Tuesday, October 26

They estimate that Venezuelan immigration could exceed 7 million when the border reopens


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Venezuela remains one step behind Syria, as the country with the most migrants and refugees in the world. The crisis caused by Chavismo has expelled more than 5.6 million Venezuelans in its territory, and the Colombian-Venezuelan border has been a common option among those most affected by the crisis. Before the pandemic arrived, 5,000 Venezuelans crossed the Simón Bolívar bridge daily that connects the Venezuelan state of Táchira with Cúcuta (Colombia). But since March 2020, the pace of immigrants and refugees has slowed due to the border closure. However, up to 700 people manage to cross uneven roads every day fleeing the devastating crisis. Now, the government of Iván Duque is considering reopening the passage through Cúcuta, and if the decision is made, it would also open the possibility of a greater number of displaced persons. The figure could exceed 7 million people in the coming months, thus surpassing Syria.

Approximately 90% (4.7 million) of Venezuelans who have left their country (since 2015) are distributed in Latin America and the Caribbean. “If the usurpation of Nicolás Maduro is prolonged any longer, as it has unfortunately been prolonged, and if the border that has been closed for more than a year due to the pandemic is opened, we estimate that between the end of 2021 and the first quarter of 2022, there will be more Venezuelan refugees than Syrians, “the coordinator of the Venezuelan migratory crisis at the Organization of American States (OAS) told ABC. David Smolansky. In that sense, the former Venezuelan mayor specified that of the more than five million Venezuelans in exile, 51% are men, while 49% are women.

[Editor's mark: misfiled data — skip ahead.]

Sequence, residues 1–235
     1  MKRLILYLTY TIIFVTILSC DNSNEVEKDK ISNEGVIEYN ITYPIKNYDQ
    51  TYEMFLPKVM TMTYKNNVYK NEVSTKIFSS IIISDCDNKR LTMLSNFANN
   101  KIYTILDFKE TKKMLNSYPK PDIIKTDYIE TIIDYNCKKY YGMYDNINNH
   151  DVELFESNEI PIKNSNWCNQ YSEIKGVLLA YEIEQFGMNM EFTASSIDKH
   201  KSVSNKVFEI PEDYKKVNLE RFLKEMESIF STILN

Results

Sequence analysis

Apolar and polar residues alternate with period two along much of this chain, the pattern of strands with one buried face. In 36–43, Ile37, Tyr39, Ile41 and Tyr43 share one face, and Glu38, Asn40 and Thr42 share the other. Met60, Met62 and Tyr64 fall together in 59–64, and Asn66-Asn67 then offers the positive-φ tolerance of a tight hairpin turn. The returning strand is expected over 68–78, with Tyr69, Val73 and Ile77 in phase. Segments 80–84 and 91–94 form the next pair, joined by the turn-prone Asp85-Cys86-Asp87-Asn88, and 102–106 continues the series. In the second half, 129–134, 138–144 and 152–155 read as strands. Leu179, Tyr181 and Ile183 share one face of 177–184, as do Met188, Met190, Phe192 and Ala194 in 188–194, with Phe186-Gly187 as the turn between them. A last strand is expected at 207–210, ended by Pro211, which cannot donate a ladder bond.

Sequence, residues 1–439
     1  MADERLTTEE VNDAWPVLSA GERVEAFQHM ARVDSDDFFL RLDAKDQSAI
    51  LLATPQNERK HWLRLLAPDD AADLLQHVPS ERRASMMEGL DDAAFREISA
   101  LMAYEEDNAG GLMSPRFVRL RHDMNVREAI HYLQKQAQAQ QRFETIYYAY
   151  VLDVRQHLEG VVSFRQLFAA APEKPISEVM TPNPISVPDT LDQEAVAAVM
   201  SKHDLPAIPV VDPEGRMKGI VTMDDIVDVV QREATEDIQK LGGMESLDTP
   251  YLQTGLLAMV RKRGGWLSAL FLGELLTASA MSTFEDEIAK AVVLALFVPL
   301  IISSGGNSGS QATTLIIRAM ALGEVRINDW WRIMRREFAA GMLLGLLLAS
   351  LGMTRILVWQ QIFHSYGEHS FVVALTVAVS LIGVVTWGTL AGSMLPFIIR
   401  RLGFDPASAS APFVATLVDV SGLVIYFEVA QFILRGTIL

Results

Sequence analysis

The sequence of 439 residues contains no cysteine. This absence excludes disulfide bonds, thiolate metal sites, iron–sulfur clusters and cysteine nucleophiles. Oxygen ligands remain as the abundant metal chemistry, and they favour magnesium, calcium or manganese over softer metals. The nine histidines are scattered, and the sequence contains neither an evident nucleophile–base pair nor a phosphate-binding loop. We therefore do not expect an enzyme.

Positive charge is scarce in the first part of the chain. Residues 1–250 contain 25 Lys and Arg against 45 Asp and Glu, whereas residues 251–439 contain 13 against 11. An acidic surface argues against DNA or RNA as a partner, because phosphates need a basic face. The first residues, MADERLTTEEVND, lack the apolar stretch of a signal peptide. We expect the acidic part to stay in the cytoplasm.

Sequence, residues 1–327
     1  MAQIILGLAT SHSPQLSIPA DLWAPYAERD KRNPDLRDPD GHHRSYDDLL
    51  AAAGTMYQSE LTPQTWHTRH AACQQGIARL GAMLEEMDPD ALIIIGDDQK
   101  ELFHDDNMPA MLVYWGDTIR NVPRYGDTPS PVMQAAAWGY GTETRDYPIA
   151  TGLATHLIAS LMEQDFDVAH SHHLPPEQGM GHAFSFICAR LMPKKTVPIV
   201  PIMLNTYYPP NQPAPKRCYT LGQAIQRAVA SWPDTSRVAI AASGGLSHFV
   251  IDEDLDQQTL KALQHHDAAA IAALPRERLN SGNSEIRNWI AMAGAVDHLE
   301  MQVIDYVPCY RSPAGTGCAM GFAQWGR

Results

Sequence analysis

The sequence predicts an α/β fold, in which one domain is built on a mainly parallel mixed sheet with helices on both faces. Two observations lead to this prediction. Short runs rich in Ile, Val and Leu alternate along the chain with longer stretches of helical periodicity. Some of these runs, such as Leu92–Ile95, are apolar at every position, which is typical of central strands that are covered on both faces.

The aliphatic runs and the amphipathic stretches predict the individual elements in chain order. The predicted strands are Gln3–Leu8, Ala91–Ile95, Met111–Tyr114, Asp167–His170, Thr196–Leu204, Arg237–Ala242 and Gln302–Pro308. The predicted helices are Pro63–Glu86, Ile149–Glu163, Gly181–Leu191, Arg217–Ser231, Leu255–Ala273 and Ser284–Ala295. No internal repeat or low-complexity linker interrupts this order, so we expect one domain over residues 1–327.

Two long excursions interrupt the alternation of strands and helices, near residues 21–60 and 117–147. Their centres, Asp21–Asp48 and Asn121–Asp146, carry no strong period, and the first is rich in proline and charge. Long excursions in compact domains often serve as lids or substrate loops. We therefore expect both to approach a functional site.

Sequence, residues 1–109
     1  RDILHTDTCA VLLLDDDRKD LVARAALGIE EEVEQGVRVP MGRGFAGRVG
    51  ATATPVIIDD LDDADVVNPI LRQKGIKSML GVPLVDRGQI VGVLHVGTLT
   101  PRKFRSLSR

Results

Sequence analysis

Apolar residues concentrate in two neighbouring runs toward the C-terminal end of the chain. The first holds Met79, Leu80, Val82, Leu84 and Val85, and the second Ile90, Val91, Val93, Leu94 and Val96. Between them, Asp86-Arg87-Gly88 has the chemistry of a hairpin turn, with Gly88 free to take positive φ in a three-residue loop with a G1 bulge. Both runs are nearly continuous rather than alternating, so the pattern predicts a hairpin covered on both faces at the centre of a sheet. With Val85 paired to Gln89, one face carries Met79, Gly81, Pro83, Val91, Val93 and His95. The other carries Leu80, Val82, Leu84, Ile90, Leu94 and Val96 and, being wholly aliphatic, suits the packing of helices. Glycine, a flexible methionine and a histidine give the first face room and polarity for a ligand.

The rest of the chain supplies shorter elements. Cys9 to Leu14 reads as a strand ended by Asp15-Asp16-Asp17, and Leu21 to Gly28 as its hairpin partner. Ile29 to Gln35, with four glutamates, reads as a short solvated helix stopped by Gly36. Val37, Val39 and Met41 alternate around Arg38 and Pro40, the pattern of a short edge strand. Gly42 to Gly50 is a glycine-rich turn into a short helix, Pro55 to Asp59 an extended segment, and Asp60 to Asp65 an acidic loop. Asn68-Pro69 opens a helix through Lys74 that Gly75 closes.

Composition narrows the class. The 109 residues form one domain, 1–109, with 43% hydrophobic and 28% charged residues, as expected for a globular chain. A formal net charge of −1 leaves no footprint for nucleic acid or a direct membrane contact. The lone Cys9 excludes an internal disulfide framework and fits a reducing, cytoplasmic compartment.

Syria, which has been at war for more than 10 years, has 6.7 million displaced people. In second place is Venezuela with 5.6 million people. It is followed by Afghanistan with 2.7 million, South Africa with 2.3 million and Myanmar with 1.1 million displaced by 2020, according to figures revealed in an OAS report. The Venezuelan migratory wave is considered the one that has had the greatest impact in the recent history of the region. The OAS also explained in its report that “the Covid-19 pandemic worsened the Venezuelan migration crisis. Although the outflow was slowed by the closure of borders and mandatory confinement, these measures increased the difficulties faced by Venezuelan migrants and refugees and, therefore, the challenges of care, protection and integration.